And after Prince & The Revolution complete the more traditional 2-verse/chorus song structure about two and a half minutes in, well… that’s when the real rock and roll fun begins for “Computer Blue (“Hallway Speech Version).”
That familiar first instrumental break is there – just longer – reinforcing the opinion that the sound engineers did one heck of a job back in 1984 while editing it down to the familiar short version to which we’ve all been accustomed. Its amazing to think that they could cut a 12-minute song down to less than a third that size so seamlessly, especially with so much going on in it.
For nearly two minutes in the early going, Prince lays into his guitar while The Revolution plays its instruments around him. Then he yields to two female voices at the 5:57 mark – presumably those of Revolution members Wendy Melvoin and Lisa Coleman.
They deliver a deadpan rendering of the following lyrics in spoken-word fashion: “Poor lonely computer, it’s time someone programmed U. It’s time U learned, love and lust – they both have 4 letters, but they’re entirely different words. Poor lonely computer, do U really know what love is?”
Their delivery is drone-like and effective, conjuring up memories of those twin girls in “The Shining.”
Only after hearing them do you really begin to understand and appreciate all the relationship angst that likely led to Prince’s “Computer Blue.”
But that angst is confirmed in the “Hallway Conversation” that Prince then engages in just past the halfway point, where he speaks of a house with many halls, which the artist gives various names, “lust,” “fear” and “insecurity” among them.
This notion is reinforced later, at the 8:56 mark, when Prince sings: “I’m on the verge of a breakdown, what is life without love?” as this long jam session works itself to a frenzy. Then, the music seems to quiet itself as if to make way for his answer, which he screams, “It’s hell, Computer Blue!”
It couldn’t get much better, but it does. It disguises as a party jam, with chants of “na, na, na, na, na!” But this clearly is Prince at his most conflicted, about heavy topics like love and religion.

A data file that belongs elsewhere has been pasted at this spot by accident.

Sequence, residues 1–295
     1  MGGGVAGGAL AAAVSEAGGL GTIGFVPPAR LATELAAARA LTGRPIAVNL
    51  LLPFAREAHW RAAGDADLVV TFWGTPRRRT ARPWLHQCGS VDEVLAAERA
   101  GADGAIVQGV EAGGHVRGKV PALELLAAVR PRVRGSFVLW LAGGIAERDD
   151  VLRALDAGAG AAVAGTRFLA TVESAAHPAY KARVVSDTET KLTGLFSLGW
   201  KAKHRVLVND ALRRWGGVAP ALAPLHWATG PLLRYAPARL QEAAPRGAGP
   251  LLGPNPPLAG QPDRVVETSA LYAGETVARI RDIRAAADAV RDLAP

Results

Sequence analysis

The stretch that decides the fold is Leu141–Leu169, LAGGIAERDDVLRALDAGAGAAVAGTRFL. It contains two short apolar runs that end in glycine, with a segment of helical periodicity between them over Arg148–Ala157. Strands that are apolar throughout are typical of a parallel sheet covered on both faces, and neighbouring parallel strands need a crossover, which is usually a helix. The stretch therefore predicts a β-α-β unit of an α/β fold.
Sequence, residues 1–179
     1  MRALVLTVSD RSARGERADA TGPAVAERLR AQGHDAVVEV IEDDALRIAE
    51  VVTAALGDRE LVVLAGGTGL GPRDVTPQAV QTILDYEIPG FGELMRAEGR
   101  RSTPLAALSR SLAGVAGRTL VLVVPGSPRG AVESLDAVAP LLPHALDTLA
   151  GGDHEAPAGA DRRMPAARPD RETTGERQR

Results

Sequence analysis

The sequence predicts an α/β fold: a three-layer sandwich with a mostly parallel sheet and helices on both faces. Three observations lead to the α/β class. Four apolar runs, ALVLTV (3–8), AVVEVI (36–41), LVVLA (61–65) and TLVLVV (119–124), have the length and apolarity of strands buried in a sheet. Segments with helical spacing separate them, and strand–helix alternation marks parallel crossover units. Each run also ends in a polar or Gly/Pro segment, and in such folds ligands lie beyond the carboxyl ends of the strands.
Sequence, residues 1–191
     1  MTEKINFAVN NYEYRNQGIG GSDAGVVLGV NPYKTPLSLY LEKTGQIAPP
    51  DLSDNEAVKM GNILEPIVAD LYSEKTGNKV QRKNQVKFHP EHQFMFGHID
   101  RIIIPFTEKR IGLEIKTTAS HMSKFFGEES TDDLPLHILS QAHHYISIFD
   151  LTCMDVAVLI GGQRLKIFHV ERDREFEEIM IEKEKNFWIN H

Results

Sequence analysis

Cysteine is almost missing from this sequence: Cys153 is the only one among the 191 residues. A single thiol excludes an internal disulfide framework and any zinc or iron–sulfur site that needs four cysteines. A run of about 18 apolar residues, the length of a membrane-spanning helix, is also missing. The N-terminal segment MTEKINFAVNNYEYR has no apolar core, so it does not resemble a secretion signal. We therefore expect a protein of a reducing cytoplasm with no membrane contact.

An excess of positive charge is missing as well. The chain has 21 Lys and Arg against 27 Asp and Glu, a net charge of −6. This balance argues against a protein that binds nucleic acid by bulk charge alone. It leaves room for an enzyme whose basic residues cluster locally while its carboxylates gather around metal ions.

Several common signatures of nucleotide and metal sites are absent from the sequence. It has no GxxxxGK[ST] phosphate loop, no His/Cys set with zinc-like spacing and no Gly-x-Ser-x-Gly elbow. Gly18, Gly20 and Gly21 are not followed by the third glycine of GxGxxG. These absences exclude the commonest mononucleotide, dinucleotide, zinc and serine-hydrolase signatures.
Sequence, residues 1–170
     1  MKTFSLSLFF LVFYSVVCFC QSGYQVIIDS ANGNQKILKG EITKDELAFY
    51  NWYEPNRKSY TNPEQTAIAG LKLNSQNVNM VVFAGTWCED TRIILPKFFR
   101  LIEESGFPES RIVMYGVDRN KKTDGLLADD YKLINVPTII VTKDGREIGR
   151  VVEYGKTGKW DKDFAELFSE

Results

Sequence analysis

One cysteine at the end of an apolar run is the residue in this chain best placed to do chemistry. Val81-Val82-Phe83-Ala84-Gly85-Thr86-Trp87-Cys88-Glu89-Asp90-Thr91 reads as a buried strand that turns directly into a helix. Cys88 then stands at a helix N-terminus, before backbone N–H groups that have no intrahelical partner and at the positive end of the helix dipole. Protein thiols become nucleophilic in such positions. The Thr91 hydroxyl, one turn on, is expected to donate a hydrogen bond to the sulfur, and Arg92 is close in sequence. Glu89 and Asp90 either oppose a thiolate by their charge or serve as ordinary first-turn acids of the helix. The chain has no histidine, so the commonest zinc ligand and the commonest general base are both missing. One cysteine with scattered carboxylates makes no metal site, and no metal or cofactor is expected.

The long jam session rumbles on, and near the end, a lot of things seem to be happening at once. Prince asks in one segment: “Shouldn’t I go to church on Sunday? Shouldn’t I stay home and pray? Shouldn’t I try to make her happy? Shouldn’t I try to make her stay?” He also sneaks in a bit of his opening line (“where is my love life?”) while shrieks and yowls happen all around him.
Then those overdubbed, deadpan female vocals return for their final lecture, sounding much more vulnerable than they did when they opened the song in dominatrix-like fashion with their “Yes, Lisa” dialogue. Now they’re back to let the protagonist (Prince) know metaphorically: “women are not butterflies, we’re computers too, just like U, Computer Blue.” Then they take this opportunity once more before the song returns to the familiar guitar-driven riff that ended the original.
By now it’s 11 minutes in, and there’s still over a minute of track time left. It becomes clear at about the 11:08 mark – when most listeners would be expecting the abruptly clipped ending of Prince’s screeching guitar to segue into the intro for “Darling Nikki,” yet it doesn’t happen – that there is still more to this story.
In this case, it’s the continued howls and shrieks of a distorted guitar and Prince himself that carry the last minute and change of “Computer Blue.” (Reportedly, this goes on for about three minutes in the 14-minute version.)
And for this release, without the outdated confines of limited vinyl album space, there will be no abruptly timed “Darling Nikki” interruption, just the long electric guitar fade that is Prince showing the world why he was considered one of rock’s greatest legends – even if no one (Prince included) really knew it at the time.
Prince fans, I think we found the Righteous 1…
The “Hallway Speech” version, that is.
p.s. Prince’s Purple Rain Deluxe album is available in stores and on streaming services like TIDAL, Apple Music and Spotify. If you have a paid Spotify subscription, you may be able to access “Computer Blue (Hallway Speech version)” here. Although with Prince and his estate, there are no guarantees.